Saturday, May 03, 2008

What's Next For The Canadiens

There was plenty of promise for the Montreal Canadiens heading into the playoffs. They had the most goals-for in the regular season and looked primed to take the Eastern Conference by storm. That was not to be as the Habs barely scraped by the 8th seeded Boston Bruins, and then got outplayed by the Philadelphia Flyers to put them to the golf course.

There's some questions that will need to be answered in the next couple of months, like what's going to happen with a couple of their UFAs, like Michael Ryder, Patrice Brisebois, and Mark Streit. Ryder will more than likely be gone from Montreal, while Streit will likely be retained due to his versatility. Brisebois is a bigger question mark, as he didn't play amazing, but didn't play horrible either. There's plenty of things GM Bob Gainey will need to look at when trying to re-sign these three.

However, there's plenty to build off of. The offense for the season was great for the Habs, with their power-play being tops in the league in the regular season. Yet, in the playoffs, the PP was nowhere to be found, currently ranking 13th out of the 16 playoff teams. Also, it wasn't as explosive as it was in the regular season, with goal-scoring by committee it seemed. Alexei Kovalev and Andrei Kostitsyn led the way with five a piece, but neither of them really took control for the Habs nor set a big pace for the team. Saku Koivu played well, though, after he came back with a foot injury.

Defensively, the big guns of Mark Streit and Andrei Markov were shutdown in the playoffs, only collecting only four points in the playoffs a piece and really held in check. Obviously, with their offensive prowess, neither Streit nor Markov were too, too defensively responsible, but Roman Hamrlik and Mike Komiserek picked up the slack on the defensive side of things and the play along the boards. With this core together for another couple of years, things will get better and better.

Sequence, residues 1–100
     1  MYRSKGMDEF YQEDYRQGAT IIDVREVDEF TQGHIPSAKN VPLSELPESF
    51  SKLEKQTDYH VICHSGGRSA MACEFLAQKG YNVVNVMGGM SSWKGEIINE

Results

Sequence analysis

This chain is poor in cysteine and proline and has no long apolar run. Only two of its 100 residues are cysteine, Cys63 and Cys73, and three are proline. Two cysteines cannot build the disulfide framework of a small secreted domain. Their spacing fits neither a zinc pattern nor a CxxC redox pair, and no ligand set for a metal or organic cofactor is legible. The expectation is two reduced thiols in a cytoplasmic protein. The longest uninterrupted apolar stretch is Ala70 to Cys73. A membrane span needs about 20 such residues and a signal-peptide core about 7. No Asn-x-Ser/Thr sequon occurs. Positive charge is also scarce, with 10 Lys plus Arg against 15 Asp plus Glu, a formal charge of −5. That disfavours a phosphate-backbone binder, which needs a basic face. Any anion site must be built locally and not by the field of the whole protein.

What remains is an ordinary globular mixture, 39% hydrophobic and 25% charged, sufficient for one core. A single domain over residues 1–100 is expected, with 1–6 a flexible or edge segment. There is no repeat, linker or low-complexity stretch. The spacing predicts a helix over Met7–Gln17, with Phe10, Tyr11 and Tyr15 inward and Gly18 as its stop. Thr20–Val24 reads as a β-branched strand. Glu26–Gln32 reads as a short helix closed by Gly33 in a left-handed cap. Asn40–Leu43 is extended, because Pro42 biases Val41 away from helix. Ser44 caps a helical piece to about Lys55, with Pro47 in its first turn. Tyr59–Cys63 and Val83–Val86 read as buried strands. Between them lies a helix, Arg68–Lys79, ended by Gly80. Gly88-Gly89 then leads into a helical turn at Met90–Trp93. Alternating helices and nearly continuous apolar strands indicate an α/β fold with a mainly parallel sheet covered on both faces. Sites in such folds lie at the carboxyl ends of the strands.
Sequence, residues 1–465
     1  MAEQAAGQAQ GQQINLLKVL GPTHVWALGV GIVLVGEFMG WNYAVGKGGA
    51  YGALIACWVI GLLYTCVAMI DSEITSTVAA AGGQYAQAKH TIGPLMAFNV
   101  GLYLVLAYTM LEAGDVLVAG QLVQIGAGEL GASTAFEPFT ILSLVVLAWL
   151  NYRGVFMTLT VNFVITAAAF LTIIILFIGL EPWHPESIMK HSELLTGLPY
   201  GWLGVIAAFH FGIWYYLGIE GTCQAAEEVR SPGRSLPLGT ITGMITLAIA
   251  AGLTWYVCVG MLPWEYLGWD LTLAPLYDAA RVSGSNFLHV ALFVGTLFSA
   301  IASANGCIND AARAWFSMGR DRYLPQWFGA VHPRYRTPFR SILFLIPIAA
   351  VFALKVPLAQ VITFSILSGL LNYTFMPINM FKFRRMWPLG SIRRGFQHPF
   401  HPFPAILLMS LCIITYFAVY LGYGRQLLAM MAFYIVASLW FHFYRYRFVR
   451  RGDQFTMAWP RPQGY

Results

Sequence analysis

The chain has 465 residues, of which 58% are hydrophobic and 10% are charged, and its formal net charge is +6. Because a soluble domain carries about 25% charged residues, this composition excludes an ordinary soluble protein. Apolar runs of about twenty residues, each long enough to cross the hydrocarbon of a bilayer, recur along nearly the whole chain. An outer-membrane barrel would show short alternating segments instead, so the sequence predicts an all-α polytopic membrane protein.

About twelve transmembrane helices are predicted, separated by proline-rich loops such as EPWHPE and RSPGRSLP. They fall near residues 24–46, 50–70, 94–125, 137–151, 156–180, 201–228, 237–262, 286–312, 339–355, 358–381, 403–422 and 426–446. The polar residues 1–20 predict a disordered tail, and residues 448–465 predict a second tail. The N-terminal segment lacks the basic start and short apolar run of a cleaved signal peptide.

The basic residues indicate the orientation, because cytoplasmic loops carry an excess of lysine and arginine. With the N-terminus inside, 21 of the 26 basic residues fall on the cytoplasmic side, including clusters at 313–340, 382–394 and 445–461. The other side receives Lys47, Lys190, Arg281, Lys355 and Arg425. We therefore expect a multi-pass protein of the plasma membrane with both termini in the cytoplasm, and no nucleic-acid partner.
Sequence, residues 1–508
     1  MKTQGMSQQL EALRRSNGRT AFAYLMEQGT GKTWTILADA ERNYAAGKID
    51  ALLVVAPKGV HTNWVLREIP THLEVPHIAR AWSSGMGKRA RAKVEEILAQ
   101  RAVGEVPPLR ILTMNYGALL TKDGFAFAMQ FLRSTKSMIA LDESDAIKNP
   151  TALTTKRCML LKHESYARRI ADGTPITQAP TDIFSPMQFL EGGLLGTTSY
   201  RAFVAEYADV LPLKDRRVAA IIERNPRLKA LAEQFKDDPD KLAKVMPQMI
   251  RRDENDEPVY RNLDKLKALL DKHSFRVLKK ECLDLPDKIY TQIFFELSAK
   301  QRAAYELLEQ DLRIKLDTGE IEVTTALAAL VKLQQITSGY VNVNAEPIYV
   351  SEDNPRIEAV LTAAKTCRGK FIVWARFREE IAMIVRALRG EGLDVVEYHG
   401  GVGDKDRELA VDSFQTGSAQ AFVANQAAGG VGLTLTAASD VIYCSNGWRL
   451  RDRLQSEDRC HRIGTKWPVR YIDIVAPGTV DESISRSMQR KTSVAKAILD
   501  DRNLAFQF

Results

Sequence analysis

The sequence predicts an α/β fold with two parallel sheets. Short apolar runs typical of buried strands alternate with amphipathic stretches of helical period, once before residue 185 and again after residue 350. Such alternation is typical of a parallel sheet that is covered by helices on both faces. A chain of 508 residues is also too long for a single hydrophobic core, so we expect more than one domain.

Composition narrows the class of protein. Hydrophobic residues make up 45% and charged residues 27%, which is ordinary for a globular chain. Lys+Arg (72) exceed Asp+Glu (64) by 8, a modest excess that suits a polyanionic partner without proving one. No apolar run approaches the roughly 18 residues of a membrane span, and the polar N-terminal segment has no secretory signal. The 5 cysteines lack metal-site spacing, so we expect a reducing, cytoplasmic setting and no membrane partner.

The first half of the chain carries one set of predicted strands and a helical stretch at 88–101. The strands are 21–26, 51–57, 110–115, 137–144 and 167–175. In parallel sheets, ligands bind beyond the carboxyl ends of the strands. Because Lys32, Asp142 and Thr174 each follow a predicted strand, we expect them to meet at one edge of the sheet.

The Carey Price era got off to a respectable start, but had its bumps along the way. That said, he is a 20-year-old starter who pretty much got thrown into the fray with the trading of Cristobal Huet at the deadline. Price had his shaky points, but what rookie doesn't?? Just seems that his performance was magnified for the stage he was on and the location he plays in. He'll get better as time goes on, plus he has the right demeanor to be playing in a big hockey city like Montreal. Just so long as he doesn't buy into what's being written up, he'll be leading the Habs back to the promised land sooner than many think.

There's a lot of promise for the Habs to work with and there's plenty of time to watch these kids to grow and play together as a team. With the right balance of youth and experience, the Habs have a make-up for a Cup contender year-in and year-out.

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